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Muqtada al-Sadr
Arabic: muqtadā 'as-sadr



Muqtada al-Sadr

Muqtada al-Sadr.

(1974?- ) Iraqi Shi'i Islamic leader of the rebel group al-Mahdi army. He is the son of Muhammad Sadeq al-Sadr, who was killed in 1999.
Although referred to as a "cleric", Muqtada has no formal religious training. It is reported that he takes his spiritual direction from Ayatullah Kazim al-Haeri, an ultra-conservative Iraqi living in exile in Iran. Kazim was in his time a student of Bakir al-Sadr, Muqtada's uncle.
Muqtada's has emerged as the most influential resistance leader against the US involvement in Iraq, and the US supported Iraqi authorities. Al-Mahdi army which has become central in his fighting has something between 2,000 and 10,000 fairly well-equipped soldiers.
Exactly what is his political platform is not yet clear, except that he wants Islam to play a central role in Iraq. He has claimed that he supports "Islamic democracy", but what this involves for Iraq's non-Muslim minorities is not clear.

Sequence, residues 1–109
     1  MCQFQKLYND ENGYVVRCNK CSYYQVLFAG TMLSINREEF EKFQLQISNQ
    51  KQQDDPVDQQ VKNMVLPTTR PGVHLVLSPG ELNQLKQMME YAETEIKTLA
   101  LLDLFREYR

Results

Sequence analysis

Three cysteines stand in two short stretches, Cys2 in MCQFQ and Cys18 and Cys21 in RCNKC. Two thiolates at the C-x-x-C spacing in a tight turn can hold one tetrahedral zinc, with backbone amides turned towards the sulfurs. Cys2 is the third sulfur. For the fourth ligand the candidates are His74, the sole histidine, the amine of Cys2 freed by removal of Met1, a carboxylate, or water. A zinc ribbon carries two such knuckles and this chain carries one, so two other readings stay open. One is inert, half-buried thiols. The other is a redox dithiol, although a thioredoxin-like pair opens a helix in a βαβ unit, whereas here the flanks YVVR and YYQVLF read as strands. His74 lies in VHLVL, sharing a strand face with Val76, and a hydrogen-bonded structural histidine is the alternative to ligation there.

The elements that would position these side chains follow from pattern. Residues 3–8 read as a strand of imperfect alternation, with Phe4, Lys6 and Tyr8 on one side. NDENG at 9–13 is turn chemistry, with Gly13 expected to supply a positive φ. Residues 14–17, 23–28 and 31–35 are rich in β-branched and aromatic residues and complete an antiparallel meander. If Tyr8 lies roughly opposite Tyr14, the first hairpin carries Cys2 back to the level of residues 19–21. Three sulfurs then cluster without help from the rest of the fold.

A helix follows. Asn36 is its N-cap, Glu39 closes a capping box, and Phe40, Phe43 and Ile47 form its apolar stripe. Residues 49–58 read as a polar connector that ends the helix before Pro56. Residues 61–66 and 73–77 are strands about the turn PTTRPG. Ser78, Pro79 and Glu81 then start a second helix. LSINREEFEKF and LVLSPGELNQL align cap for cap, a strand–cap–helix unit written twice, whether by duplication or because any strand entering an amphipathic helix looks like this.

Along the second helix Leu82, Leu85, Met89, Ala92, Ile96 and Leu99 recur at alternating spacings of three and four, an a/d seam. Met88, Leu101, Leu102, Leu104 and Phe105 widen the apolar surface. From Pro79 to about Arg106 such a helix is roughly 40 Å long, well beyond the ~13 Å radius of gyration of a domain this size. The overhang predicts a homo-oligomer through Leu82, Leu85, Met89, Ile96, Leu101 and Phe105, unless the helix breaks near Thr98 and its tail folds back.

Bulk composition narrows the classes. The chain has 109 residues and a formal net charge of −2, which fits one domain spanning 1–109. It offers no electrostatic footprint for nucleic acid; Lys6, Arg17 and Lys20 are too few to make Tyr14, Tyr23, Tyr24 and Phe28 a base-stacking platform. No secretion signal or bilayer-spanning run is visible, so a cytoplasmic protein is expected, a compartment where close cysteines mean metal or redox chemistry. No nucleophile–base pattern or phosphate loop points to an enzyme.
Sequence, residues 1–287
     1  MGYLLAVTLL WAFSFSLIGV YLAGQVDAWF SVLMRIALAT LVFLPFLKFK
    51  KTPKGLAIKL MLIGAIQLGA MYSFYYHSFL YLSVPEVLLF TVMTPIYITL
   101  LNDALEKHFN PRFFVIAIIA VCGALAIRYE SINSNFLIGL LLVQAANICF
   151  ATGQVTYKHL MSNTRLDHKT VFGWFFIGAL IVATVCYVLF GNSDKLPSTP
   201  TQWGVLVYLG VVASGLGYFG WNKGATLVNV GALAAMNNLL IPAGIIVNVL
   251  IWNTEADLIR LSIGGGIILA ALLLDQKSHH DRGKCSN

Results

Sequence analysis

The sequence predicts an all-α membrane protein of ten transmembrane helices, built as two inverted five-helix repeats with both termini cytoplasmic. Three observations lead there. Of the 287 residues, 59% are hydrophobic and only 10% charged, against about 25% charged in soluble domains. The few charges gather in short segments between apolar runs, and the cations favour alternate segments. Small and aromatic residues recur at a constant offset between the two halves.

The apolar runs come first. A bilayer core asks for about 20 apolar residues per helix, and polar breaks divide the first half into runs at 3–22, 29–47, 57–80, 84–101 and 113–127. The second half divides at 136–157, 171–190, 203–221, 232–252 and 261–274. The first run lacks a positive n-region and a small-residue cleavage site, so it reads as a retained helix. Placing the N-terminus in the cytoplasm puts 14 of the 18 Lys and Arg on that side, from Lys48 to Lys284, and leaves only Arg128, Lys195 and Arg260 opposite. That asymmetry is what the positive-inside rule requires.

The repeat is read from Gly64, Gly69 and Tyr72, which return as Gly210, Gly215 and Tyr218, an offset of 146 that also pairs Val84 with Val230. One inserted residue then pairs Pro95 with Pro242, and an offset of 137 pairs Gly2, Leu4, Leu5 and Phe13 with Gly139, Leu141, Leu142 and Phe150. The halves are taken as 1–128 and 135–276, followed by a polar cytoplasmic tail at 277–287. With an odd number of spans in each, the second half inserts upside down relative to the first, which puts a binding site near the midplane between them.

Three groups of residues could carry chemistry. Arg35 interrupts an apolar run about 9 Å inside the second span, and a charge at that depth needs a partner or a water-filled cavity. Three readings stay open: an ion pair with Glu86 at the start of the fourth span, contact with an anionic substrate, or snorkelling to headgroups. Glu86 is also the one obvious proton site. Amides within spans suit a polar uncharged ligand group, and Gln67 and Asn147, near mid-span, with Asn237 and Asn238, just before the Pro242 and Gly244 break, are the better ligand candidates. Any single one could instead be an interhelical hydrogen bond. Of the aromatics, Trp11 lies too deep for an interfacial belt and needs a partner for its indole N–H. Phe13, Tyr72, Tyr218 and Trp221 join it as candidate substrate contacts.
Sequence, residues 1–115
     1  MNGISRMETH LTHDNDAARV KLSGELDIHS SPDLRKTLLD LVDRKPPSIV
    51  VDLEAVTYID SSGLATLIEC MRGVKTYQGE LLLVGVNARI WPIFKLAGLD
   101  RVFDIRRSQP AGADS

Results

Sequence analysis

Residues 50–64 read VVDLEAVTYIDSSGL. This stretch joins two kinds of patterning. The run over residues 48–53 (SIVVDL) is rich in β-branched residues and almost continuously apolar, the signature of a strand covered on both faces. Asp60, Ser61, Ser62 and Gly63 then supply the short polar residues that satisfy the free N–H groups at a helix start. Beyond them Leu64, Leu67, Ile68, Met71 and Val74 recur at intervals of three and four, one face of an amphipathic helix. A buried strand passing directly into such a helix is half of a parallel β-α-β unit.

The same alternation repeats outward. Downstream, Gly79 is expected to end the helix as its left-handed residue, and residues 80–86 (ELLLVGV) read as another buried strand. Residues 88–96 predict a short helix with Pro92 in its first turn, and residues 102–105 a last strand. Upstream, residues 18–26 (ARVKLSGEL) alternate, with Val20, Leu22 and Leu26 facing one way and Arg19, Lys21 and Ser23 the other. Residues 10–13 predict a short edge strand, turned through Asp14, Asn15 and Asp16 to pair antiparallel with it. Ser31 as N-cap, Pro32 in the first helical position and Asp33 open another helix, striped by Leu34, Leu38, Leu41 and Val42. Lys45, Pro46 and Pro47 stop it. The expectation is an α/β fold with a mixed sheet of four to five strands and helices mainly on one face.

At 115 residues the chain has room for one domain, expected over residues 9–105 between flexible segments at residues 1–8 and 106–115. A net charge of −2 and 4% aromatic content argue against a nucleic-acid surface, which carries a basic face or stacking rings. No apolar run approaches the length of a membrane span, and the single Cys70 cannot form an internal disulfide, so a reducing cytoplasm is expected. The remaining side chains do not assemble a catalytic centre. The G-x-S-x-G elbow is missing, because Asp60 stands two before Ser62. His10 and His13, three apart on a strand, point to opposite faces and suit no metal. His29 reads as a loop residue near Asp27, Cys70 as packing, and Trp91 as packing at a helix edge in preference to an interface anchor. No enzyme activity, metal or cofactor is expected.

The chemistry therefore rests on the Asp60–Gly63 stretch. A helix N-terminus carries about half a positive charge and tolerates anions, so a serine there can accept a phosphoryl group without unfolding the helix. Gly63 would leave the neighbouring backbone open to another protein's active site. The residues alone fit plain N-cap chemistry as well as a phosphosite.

His stronghold is the holy city of Najaf, but he has much support in places like Sadr City (part of Baghdad), Nasiriyah and Al Amarah.
His main challenger as the dominating leader of Shi'is in Iraq is Grand Ayatullah Ali al-Sistani. The two have been careful about clearly challenging the other, and a power struggle remains to be fought here.

Biography

1974: It is believed that this is the birth year of Muqtada al-Sadr. Other reports make it 1973.
1999 February: Muqtada's father and two brothers are killed, probably by Iraqi secret services. This leaves Muqtada as the actual leader of Shi'is of Najaf.
2003 April: The moderate Shi'i cleric Grand Ayatullah Sayed Mohammed Taqi al-Khoei is killed in Najaf. Muqtada was accused for staging the killing.
September: Muqtada declares an alternative government in opposition to the US controlled governing council. The initiative would however not last long.
2004 March 28: Muqtada's newspaper, Al Hawza, is closed down by the US appointed Iraqi authorities, saying it incited violence.
April 5: Claiming that peaceful protests are in vain, he calls upon his supporters to "terrorize" the enemy.
August: Muqtada and his al-Mahdi army takes over the control of Najaf, but faces few days later US and Iraqi forces. Heavy fighting start, and Muqtada takes refuge inside the Tomb of Caliph and Imam Ali.





By Tore Kjeilen